Taken from the grade book of a teacher who hopes his star student can sustain the mental toughness he used to get through a rather tough exam, here is the Steelers Report Card for the win over the Dolphins.

Minkah, Fitzpatrick, Minkah Fitzpatrick interception Dolphins, Steelers vs Dolphins MNF

Minkah Fitzpatrick 2nd interception against the Dolphins. Photo Credit: Barry Reeger, PennLive

Quarterback
Coaches let Mason Rudolph test the waters outside of the kiddie’s pool this week, and for the first 20 minutes or so Mason Rudolph looked like he wasn’t going to keep his head above water. After that, Mason Rudolph led the Steelers to score 27 unanswered points, including two drives that started with him standing in Pittsburgh’s own end zone. While this is impressive, Rudolph’s total body of work still shows he has a long way to go. Grade: B-Steelers, Report Card, grades,

Running Backs
James Conner ground out 145 yards, ripping off several long runs that sparked the entire offense. Benny Snell had 13 yards on 5 carries, while Trey Edmunds got zero yards on his first carry as a Steeler. Roosevelt Nix was back, and helped pave the way for the Steelers rushing success. Grade: A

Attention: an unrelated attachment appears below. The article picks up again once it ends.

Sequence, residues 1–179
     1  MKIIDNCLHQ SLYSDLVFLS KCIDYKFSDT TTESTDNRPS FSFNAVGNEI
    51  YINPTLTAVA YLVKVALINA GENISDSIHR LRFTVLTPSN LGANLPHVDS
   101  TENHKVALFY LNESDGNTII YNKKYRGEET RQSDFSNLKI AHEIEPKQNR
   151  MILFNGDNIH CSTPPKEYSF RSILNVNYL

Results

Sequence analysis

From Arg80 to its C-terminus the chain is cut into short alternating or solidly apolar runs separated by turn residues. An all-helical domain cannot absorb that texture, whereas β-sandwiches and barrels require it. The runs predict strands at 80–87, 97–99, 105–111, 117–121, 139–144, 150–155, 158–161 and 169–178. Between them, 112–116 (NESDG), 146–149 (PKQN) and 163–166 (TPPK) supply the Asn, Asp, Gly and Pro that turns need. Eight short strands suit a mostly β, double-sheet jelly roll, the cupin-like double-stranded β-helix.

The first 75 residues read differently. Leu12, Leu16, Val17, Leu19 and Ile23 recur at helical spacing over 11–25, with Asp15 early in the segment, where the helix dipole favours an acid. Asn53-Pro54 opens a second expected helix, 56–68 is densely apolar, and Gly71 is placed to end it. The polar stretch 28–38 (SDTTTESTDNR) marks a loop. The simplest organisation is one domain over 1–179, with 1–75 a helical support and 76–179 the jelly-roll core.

Tight Ends
Vance McDonald caught 3 passes for 19 yards and Nick Vannett caught 1 pass for 15 yards. The presence of both men, along with Zach Banner who checked in as a third tight end on many plays helped make the run blocking a success. Grade: B

Wide Receivers
While his season thus far is not earning JuJu Smith-Schuster many fans among Fantasy Football owners , anyone who has doubts about status as an elite a wide receiver need look no further than his touchdown catch. JuJu had a monster night going 5 of 103 making critical catch after critical catch. Diontae Johnson’s 12 yard grab on 3rd and 11 got the offense moving, and his pre-halftime touchdown was simply sensational. James Washington caught one of 6 passes thrown his way. Grade: A

JuJu Smith-Schuster, Chris Lammons, Steelers vs Dolphins MNF

JuJu Smith-Schuster out duels Chris Lammons for the go ahead touchdown. Photo Credit: Barry Reeger, PennLive.com

Offensive Line
The Dolphins made little secret of their plan to crowd the offensive line either by putting 8 men in the box or by going all out on the Blitz. In both cases, the Steelers offensive line met the challenge, including a heads up play by David DeCastro to recover a fumble. Grade: A

Defensive Line
In their first game without Stephon Tuitt, the Steelers offensive line smothered the Dolphin’s running attack and Cam Heyward terrorized Ryan Fitzpatrick in the second half, sacking him, helping stop a 4th down conversion, while hitting him twice. Grade: A

Linebackers
If T.J. Watt continues at this pace, his name won’t be remembered alongside predecessors like James Harrison, Greg Lloyd or Joey Porter. People will put his name before theirs.